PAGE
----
“Tourism is the vehicle for poverty alleviation in Fiji — that’s how important it has become,” said Banuve Kaumaitotoya, permanent secretary of Fiji’s ministry of tourism and environment, who attended the conference. “Without it, our economy would collapse. So we have to plan to mitigate and adapt to climate change.”
Already, more frequent storms in Fiji, which some scientists say are caused by global warming, are eroding mountains and driving earth and fresh water into the sea. That threatens to erode pristine beaches and endangers saltwater coral reefs.
Fijian planners are trying to anticipate the course of such change and set new standards, like guidelines for how far above the water bungalows should be built to be safe if the sea level rises.
“At the moment the effect is subtle, but we don’t want our reefs — our island — to disappear,” said Mrs. Kaumaitotoya.
Across the world, at the Whistler Blackcomb Ski Resort in Canada, glaciers are receding and good snow is found higher up the mountain than 10 years ago.
“We’ve been building lifts higher, in more snow-reliant zones to give us more stability,” said Arthur DeJong, mountain planning and environment resource manager at the resort.
Ski lifts typically last 25 years, Mr. DeJong said. To decide where to place new ones, the resort has run a mix of computer simulations to determine where the snow will likely be, based on varying calculations of how much the temperature might rise in the course of the next 30 years.
The resort has also developed an environmental plan. It is using mountain snow runoff to produce energy to run the lifts. Its ski village is car-free. And the resort has diversified beyond snow sports and now has a booming summer business.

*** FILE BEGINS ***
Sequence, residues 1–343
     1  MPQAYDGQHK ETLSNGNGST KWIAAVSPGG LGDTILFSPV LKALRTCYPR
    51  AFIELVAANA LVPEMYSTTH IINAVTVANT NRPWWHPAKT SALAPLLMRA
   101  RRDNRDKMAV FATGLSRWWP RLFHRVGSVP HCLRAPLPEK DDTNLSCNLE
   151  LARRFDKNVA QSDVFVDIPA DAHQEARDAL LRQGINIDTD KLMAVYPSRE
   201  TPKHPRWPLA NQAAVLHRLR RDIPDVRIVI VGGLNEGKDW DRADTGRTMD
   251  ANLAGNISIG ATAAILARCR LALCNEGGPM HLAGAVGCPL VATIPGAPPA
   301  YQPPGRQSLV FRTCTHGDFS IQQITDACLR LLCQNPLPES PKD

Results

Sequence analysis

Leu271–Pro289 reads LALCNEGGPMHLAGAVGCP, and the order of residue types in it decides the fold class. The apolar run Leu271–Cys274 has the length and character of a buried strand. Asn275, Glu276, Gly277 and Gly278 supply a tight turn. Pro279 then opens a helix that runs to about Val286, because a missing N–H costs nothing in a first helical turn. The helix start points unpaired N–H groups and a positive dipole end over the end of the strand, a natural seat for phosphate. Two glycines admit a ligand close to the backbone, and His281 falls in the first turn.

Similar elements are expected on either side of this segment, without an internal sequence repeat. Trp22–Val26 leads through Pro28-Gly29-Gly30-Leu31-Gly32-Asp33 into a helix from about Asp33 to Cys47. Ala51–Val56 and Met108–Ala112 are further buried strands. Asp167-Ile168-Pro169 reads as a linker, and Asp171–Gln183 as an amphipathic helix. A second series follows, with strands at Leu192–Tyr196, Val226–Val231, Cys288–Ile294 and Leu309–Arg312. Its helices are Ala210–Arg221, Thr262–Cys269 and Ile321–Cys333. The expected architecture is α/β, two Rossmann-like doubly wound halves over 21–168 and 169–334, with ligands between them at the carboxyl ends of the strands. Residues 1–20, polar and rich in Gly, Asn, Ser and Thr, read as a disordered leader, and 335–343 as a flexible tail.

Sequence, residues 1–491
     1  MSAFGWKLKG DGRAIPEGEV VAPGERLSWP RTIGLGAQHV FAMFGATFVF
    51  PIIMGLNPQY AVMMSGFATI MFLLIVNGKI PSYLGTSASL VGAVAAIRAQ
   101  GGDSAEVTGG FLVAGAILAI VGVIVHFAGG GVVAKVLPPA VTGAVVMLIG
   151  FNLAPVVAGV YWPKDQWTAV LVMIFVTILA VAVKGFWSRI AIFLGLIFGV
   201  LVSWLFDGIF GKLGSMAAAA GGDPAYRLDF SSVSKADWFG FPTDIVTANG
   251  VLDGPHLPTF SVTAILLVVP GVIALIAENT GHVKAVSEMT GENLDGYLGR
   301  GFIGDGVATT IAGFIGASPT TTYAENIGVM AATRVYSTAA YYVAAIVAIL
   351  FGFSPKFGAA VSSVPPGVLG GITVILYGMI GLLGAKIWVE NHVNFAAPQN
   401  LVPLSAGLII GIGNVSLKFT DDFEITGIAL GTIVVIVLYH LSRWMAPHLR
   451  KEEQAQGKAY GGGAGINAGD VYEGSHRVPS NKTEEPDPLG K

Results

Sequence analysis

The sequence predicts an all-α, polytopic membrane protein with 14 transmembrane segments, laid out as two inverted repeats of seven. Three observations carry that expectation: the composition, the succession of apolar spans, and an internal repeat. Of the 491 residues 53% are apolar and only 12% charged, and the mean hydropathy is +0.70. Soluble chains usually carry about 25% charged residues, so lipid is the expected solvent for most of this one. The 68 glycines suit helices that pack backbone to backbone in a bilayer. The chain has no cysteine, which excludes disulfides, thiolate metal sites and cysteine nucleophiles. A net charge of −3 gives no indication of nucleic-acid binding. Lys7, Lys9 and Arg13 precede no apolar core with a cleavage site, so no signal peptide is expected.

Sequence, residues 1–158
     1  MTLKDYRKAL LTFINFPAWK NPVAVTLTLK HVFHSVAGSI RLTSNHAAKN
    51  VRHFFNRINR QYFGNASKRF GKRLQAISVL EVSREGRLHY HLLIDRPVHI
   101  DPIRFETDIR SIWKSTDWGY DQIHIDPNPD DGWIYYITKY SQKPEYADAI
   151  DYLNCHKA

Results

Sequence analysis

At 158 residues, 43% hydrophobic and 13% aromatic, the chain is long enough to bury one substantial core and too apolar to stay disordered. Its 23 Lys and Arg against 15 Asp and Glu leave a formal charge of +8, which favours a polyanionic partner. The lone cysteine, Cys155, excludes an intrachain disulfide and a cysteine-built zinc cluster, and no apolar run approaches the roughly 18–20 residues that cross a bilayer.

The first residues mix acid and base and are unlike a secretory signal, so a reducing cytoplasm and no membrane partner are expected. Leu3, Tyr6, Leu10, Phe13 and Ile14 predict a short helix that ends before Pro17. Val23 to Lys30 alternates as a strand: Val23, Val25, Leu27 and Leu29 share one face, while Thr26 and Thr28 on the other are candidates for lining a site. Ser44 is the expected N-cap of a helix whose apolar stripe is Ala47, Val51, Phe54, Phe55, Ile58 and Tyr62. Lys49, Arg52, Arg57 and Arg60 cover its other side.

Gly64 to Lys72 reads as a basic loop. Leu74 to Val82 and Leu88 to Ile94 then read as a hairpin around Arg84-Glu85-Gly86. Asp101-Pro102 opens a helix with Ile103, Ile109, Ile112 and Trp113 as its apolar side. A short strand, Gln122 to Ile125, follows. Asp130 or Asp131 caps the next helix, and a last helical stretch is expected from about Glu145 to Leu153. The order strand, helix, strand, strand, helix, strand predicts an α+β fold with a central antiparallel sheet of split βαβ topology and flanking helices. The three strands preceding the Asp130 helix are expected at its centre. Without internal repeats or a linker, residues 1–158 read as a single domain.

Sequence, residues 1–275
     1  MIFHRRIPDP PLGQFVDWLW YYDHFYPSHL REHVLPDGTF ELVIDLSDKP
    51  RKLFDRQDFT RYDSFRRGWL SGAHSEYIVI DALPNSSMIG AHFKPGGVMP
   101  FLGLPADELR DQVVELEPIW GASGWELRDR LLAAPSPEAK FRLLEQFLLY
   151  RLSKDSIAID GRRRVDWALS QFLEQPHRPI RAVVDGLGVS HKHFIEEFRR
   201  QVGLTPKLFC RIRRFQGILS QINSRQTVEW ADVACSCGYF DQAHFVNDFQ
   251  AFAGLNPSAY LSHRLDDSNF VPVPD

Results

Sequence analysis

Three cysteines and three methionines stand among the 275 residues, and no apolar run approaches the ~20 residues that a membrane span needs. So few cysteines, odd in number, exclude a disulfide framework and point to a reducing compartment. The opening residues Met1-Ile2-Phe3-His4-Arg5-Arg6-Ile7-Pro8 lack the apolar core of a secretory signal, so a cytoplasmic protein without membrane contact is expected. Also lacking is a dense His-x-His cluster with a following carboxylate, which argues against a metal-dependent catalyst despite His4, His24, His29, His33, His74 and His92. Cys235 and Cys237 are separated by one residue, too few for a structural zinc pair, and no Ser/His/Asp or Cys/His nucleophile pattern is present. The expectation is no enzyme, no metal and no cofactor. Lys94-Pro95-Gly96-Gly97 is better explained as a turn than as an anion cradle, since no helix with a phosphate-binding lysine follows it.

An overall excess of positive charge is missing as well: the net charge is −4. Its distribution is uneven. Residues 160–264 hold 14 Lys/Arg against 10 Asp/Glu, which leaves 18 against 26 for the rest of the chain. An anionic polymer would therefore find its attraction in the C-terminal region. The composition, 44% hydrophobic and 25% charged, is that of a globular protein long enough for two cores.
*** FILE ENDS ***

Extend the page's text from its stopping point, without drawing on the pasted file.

But undertaking new engineering projects and buying the software to run computer simulations require money and expertise that are in short supply in much of the world.
“Adaptation is expensive, and the finances are a big challenge for a place like Kenya,” said Judith Gona, executive director of Ecotourism Kenya, which is trying to make that country’s travel industry greener.
“In recent years, Kenya has become a mass tourism destination,” Ms. Gona said. “Hotels were built to hold as many people as possible. Things like air-conditioning systems are not very efficient. It is difficult to put money into green, even if people know they should.”
In the short term, global warming provides opportunities, too, especially in temperate zones. Warming trends have lengthened the golfing season in Antalya, Turkey, by over a month, said Ugur Budak, golf coordinator of Akkanat Holdings there.
Golfing used to begin in March. But tourists from Britain and Germany are now coming to Antalya in February.
“Winters are milder, so the effect on us for now is good,” Mr. Budak said. So far there had not been problems like water shortages that are experienced in other parts of the world, he said, “but we know we could be vulnerable in the future.”
At the end of the Davos conference, the World Tourism Organization advised travelers to take the climate into account and “where possible to reduce their carbon footprint.” But if Europeans stopped flying to Fiji or Antalya, poverty would worsen, tourism officials said.